OCD Wiki: How To Find Accurate Information About OCD And The History Of The Condition

Reviewed by Aaron Horn, LMFT

Published 06/21/2022

Obsessive-compulsive disorder or OCD is a mental health condition or disorder characterized by obsessions, compulsions, and other symptoms, such as ritualistic behavior, anxiety or fear, hypervigilance, and rumination. The disorder impacts one out of every forty individuals who are 18 or older in the United States (about 2.3% of the United States adult population) and one out of every one hundred children under 18 in the United States. People can develop OCD at any point in their lives, and while there are risk factors for the disorder, there's no known singular cause. It's a common disorder, but a number of misconceptions about obsessive-compulsive disorder remain. What are some trusted sources for learning real information about OCD? Keep reading to learn about trustworthy resources for learning about obsessive-compulsive disorder and information about the history of OCD and the different ways that OCD can manifest.

Trusted Resources For Information About Obsessive-Compulsive Disorder

Many people use Wikipedia or perform a Google search to learn about topics such as mental health disorders. While this can indeed help you learn about topics like mental illness or mental health disorders, it's vital to remember that nearly anyone can release information, opinions, or thoughts online and that what you come across on the internet won't always be accurate. When it comes to gaining knowledge of mental illness and mental health, it is too important to leave room for error. Here are some trusted resources for learning about mental health conditions, including Obsessive-Compulsive Disorder:

The International OCD Foundation (IOCDF)

The International OCD Foundation or IOCDF is a non-profit organization established and built by people who live with obsessive-compulsive disorder. The IOCDF is dedicated to helping people with obsessive-compulsive disorder and related disorders by raising awareness about obsessive-compulsive disorder and related disorders, connecting people with resources and increasing access to care, and more. The IOCDF was founded in 1986. Their website is one of the most comprehensive free online resources for learning about OCD and finding support, whether that's peer support through their Health Unlocked forum or through a support group mental health professional found through their resource directory. Visit the International OCD Foundation website to learn more about the IOCDF.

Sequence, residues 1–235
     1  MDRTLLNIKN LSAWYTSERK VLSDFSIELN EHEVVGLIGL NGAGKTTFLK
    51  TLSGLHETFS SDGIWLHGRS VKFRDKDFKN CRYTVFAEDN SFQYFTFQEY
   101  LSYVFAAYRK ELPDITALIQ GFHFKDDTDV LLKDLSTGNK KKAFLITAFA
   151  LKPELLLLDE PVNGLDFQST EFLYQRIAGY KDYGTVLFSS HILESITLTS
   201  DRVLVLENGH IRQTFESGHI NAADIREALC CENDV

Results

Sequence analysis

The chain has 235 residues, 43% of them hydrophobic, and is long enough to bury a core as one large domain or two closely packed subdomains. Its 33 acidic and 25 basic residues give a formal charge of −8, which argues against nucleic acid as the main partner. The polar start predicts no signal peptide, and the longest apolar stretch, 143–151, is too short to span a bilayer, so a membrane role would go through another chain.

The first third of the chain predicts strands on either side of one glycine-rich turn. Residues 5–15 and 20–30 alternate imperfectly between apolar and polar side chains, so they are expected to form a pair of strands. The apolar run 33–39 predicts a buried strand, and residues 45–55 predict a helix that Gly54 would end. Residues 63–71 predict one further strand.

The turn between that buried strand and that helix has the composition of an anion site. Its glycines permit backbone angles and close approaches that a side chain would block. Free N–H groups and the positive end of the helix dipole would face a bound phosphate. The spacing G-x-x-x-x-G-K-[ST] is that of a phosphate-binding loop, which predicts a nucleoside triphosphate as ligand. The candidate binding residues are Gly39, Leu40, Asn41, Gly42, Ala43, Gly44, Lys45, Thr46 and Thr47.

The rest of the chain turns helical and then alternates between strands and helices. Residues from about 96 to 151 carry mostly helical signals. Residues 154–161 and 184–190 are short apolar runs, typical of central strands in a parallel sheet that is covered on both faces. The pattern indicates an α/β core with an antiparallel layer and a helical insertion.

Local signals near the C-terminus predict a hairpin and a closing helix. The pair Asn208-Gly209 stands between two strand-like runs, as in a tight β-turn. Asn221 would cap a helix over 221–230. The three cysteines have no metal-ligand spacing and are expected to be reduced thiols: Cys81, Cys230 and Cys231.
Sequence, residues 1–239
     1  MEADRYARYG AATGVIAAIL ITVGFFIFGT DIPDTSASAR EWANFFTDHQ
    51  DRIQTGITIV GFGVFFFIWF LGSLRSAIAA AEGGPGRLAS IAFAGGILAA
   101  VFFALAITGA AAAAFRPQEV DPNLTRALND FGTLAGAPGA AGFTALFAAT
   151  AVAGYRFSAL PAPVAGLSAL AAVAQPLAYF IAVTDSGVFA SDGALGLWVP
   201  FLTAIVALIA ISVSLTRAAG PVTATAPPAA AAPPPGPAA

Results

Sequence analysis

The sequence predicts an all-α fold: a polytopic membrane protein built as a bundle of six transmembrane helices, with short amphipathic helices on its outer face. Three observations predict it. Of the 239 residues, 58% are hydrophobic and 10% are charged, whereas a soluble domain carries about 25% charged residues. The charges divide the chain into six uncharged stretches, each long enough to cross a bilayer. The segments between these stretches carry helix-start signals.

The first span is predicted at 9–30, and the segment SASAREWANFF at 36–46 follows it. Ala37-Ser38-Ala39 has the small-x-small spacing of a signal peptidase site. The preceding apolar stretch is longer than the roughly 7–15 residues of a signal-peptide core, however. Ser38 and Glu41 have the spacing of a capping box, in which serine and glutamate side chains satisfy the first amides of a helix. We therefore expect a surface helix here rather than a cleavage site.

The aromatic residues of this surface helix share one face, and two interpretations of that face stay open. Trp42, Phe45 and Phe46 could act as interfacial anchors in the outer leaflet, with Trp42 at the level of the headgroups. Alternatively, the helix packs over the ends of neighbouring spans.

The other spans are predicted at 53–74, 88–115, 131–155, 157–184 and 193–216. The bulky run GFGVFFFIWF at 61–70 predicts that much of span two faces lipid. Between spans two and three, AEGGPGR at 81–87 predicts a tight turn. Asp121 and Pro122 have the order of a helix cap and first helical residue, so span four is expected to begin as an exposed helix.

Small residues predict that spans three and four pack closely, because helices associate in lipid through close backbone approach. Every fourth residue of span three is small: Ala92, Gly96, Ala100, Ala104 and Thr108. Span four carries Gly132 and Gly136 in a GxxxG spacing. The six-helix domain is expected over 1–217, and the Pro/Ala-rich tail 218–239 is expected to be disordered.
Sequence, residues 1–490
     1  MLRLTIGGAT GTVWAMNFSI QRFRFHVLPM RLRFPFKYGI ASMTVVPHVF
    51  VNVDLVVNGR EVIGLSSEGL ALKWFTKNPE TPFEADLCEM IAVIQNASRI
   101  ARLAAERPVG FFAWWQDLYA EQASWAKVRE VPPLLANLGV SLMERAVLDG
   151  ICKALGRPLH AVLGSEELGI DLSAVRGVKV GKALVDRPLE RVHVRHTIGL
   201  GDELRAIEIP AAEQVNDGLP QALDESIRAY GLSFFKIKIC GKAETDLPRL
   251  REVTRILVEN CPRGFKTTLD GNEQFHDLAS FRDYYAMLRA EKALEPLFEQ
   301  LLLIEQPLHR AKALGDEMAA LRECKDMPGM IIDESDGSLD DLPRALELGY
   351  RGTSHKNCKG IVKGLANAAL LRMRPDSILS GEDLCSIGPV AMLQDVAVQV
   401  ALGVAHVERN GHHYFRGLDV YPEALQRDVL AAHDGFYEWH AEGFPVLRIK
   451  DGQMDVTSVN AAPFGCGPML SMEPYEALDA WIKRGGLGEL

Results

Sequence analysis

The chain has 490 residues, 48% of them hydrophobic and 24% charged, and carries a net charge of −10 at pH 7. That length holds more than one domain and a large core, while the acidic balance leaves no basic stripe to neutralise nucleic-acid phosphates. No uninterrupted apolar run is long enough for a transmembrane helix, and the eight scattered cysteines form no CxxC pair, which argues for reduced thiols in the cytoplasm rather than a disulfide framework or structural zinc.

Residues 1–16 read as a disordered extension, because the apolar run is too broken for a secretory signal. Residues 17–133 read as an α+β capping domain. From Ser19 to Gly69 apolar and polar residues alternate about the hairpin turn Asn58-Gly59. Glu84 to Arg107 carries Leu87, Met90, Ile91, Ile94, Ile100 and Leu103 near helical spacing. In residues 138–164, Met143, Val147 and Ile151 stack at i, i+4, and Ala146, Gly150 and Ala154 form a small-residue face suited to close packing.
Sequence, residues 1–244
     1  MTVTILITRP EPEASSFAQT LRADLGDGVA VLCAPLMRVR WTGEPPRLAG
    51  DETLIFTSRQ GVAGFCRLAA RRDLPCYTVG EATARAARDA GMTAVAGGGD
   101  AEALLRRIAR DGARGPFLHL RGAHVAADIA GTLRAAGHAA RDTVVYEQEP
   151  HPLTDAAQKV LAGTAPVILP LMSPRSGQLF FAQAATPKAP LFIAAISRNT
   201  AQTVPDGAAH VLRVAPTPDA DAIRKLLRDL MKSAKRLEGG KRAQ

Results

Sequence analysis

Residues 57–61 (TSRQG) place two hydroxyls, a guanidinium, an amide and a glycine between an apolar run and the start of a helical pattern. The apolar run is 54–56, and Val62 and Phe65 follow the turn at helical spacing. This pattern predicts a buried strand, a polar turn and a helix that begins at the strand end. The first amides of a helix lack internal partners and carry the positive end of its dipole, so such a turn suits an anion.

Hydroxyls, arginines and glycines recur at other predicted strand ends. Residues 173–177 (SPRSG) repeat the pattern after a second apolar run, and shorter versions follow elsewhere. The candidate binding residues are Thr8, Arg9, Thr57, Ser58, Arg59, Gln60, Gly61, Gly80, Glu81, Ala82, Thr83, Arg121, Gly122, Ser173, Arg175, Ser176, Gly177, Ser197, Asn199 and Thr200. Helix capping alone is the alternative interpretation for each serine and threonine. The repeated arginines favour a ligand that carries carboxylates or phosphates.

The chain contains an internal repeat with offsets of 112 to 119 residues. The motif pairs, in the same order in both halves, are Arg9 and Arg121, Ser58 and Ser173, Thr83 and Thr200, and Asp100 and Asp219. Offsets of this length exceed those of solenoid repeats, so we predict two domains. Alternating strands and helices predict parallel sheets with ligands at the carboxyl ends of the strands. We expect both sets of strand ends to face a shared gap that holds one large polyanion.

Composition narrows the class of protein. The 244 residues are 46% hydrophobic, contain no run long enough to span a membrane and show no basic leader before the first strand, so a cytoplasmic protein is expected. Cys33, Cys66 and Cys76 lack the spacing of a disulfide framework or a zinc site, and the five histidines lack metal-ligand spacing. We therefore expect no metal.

The American Psychological Association (APA)

The American Psychological Association or APA is a United States-based scientific and professional organization. On the about page of the American Psychological Association website under "Our Work," the APA's mission is explained in their own words with the statement, "Our mission is to promote the advancement, communication, and application of psychological science and knowledge to benefit society and improve lives." The American Psychological Association or APA website has information regarding a number of mental health topics, including OCD. They also have a dictionary website that can be used to search for and find the definition of a number of terms related to mental health and psychiatry.

The National Alliance On Mental Illness (NAMI)

The National Alliance On Mental Illness is a grassroots organization based in the United States that started in 1979. NAMI has grown to be one of the largest mental health organizations in the United States. The organization provides free information about mental health disorders on its website and engages in abundant advocacy work and connecting people with support options nationwide. Visit the NAMI website to learn more about the National Alliance On Mental Illness, or learn more about OCD using their website here.

OCD Definition

The American Psychological Association or APA dictionary describes OCD as "a disorder characterized by recurrent intrusive thoughts (obsessions) that prompt the performance of neutralizing rituals (compulsions). Typical obsessions involve themes of contamination, dirt, or illness (fearing that one will contract or transmit a disease) and doubts about the performance of certain actions (e.g., an excessive preoccupation that one has neglected to turn off a home appliance). Common compulsive behaviors include repetitive cleaning or washing, checking, ordering, repeating, and hoarding. The obsessions and compulsions—which are recognized by affected individuals (though not necessarily by children) as excessive or unreasonable—are time-consuming (more than 1 hour per day), cause significant distress, and interfere with functioning." Click here to read the full definition of OCD on the APA dictionary website.

About OCD